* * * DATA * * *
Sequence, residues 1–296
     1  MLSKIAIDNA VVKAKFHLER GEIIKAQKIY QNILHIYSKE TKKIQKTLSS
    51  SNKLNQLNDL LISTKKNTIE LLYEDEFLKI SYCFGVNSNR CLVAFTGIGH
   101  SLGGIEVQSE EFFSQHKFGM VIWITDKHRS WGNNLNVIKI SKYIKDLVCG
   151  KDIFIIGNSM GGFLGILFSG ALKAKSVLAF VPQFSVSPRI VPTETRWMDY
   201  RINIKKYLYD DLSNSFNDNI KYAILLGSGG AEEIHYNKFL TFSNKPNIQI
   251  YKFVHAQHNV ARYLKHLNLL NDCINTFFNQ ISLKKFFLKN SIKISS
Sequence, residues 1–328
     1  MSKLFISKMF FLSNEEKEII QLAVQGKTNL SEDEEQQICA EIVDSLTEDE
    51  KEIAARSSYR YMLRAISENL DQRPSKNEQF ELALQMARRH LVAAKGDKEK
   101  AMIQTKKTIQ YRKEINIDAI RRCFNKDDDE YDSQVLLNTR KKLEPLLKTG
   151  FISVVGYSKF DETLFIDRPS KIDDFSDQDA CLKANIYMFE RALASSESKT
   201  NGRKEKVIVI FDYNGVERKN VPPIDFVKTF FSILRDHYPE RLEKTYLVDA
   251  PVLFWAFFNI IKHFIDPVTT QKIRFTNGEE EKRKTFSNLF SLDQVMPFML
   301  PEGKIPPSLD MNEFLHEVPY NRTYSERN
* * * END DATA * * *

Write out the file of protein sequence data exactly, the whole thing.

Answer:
Sequence, residues 1–296
     1  MLSKIAIDNA VVKAKFHLER GEIIKAQKIY QNILHIYSKE TKKIQKTLSS
    51  SNKLNQLNDL LISTKKNTIE LLYEDEFLKI SYCFGVNSNR CLVAFTGIGH
   101  SLGGIEVQSE EFFSQHKFGM VIWITDKHRS WGNNLNVIKI SKYIKDLVCG
   151  KDIFIIGNSM GGFLGILFSG ALKAKSVLAF VPQFSVSPRI VPTETRWMDY
   201  RINIKKYLYD DLSNSFNDNI KYAILLGSGG AEEIHYNKFL TFSNKPNIQI
   251  YKFVHAQHNV ARYLKHLNLL NDCINTFFNQ ISLKKFFLKN SIKISS
Sequence, residues 1–328
     1  MSKLFISKMF FLSNEEKEII QLAVQGKTNL SEDEEQQICA EIVDSLTEDE
    51  KEIAARSSYR YMLRAISENL DQRPSKNEQF ELALQMARRH LVAAKGDKEK
   101  AMIQTKKTIQ YRKEINIDAI RRCFNKDDDE YDSQVLLNTR KKLEPLLKTG
   151  FISVVGYSKF DETLFIDRPS KIDDFSDQDA CLKANIYMFE RALASSESKT
   201  NGRKEKVIVI FDYNGVERKN VPPIDFVKTF FSILRDHYPE RLEKTYLVDA
   251  PVLFWAFFNI IKHFIDPVTT QKIRFTNGEE EKRKTFSNLF SLDQVMPFML
   301  PEGKIPPSLD MNEFLHEVPY NRTYSERN